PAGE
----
If only the police would reveal the relevant information, then those that might hold information would be able to come forward, but all too often Police Scotland would rather hinder the investigations process. One would have to question why they so frequently follow this most ineffectual method.

  7. 9 nirofo
    February 24, 2017 at 6:21 pm

    Makes you wonder who the real wildlife persecution criminals are, we know the gamekeepers on most of the shooting estates are responsible for the actual killing of birds of prey, but, and it’s a big but, the police are probably equally or even more responsible for the continuing unabated persecution by not making a concerted effort to put a stop to it. The fact that they show almost total disregard for raptor persecution would make you think they actually condone it, there’s no doubt that they must be receiving instructions from persons in high places to ignore raptor persecution on the grouse shooting estates, what other explanation can there be for them getting away with it for so long.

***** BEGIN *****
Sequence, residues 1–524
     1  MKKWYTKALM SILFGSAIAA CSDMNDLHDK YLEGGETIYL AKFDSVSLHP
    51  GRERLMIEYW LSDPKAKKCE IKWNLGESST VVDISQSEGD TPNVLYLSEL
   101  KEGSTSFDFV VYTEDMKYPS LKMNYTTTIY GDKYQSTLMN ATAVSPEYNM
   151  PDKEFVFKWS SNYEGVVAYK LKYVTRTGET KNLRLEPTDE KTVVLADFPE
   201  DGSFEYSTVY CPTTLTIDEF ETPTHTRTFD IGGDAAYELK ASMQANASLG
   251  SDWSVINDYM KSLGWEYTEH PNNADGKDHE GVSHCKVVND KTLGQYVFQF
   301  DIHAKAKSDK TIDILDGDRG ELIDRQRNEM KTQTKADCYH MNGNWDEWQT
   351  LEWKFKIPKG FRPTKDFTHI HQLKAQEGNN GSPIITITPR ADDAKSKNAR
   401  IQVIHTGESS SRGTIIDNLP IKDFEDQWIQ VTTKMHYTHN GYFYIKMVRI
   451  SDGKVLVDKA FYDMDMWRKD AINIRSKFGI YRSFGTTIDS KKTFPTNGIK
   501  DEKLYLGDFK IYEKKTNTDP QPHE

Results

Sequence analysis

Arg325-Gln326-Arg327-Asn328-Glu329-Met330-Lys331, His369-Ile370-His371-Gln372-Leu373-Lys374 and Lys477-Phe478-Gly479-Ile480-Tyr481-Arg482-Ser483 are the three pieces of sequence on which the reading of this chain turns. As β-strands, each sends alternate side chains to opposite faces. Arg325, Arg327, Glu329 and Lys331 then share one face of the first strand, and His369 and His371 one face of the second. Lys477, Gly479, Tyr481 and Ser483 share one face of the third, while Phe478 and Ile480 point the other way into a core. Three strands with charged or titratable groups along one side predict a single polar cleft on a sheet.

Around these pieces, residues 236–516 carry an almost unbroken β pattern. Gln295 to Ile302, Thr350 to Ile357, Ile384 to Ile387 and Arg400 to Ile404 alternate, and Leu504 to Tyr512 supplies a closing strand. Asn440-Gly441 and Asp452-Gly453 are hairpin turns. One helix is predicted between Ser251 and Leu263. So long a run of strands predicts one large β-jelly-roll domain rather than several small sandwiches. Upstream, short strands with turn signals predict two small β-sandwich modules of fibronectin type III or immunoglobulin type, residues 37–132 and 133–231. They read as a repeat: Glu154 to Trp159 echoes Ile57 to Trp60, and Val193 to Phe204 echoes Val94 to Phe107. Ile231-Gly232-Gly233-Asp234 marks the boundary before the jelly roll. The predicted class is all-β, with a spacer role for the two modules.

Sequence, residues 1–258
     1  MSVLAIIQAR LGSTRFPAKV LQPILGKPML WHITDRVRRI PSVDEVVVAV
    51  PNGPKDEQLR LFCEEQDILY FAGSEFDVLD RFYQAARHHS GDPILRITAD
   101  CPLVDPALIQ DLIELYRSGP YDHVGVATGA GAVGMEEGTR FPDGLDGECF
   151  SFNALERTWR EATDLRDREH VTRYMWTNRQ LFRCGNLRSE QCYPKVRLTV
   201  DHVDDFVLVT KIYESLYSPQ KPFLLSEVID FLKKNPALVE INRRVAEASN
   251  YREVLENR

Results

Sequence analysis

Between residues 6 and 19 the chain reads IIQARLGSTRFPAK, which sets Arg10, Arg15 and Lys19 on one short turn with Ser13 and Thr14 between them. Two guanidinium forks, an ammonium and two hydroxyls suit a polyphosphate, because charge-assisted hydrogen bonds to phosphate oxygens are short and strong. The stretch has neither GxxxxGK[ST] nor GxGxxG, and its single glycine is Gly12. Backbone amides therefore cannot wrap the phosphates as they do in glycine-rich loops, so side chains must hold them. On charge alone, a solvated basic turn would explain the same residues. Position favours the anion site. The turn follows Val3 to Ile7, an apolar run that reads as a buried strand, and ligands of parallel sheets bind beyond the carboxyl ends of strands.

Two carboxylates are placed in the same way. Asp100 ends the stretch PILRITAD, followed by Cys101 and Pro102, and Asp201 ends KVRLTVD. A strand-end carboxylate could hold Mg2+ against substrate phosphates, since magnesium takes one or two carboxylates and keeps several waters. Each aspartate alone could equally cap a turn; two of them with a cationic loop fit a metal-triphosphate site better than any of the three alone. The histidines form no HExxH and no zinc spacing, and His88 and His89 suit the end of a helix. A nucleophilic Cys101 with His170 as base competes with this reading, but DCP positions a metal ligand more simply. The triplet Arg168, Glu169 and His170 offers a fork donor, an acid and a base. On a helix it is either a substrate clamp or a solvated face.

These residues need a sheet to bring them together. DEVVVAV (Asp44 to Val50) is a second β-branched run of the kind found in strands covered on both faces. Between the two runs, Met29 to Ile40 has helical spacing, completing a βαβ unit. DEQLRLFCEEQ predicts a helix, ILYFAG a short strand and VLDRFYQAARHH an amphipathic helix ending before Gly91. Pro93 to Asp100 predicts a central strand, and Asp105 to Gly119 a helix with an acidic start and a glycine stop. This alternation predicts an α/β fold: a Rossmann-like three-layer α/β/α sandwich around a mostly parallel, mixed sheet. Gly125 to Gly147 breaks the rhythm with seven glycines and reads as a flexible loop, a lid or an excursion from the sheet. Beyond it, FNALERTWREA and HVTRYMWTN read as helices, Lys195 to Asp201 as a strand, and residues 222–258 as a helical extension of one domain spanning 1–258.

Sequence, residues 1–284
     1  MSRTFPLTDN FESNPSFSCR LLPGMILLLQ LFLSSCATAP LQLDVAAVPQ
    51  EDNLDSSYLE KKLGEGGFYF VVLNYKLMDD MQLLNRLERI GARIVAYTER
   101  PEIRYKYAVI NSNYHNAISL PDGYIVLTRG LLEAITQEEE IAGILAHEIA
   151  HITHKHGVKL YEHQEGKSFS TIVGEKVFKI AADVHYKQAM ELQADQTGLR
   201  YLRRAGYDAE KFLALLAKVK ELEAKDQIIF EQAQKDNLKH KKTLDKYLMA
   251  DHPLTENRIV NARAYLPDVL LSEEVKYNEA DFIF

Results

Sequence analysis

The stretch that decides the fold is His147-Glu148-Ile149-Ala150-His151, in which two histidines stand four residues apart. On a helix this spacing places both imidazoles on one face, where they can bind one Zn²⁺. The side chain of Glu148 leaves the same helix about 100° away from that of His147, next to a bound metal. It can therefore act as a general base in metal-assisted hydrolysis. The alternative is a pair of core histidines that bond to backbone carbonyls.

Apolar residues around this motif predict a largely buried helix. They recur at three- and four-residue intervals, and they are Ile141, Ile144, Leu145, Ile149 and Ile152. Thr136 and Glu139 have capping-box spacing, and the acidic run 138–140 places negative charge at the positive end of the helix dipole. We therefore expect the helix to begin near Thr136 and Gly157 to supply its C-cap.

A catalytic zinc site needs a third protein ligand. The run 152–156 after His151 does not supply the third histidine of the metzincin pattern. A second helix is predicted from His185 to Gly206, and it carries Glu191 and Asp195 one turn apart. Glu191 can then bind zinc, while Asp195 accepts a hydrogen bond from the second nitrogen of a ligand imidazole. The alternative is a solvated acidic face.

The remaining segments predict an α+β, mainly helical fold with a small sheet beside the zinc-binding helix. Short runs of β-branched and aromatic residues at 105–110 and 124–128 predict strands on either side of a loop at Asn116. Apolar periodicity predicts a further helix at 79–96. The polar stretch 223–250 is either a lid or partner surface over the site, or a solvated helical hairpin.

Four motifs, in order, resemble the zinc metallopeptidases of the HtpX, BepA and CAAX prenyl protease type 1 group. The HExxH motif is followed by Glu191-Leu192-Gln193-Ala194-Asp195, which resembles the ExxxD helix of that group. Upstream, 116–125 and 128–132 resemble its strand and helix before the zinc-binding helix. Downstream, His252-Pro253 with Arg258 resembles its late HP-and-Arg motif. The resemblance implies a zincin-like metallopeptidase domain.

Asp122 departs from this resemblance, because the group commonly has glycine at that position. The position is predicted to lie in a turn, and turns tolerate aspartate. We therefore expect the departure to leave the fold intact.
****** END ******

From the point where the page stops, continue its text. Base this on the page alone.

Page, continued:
• February 24, 2017 at 7:23 pm

      Nirofo,

      It’s a bit of a stretch to suggest Police Scotland condones raptor persecution. Fair enough to argue they don’t appear to take it very seriously all the time (with some notable exceptions) but whether this is an actual strategy or just incompetence, or something else (lack of resources definitely plays a part in some cases as does the difficulty of securing sufficient evidence to charge) is open to debate.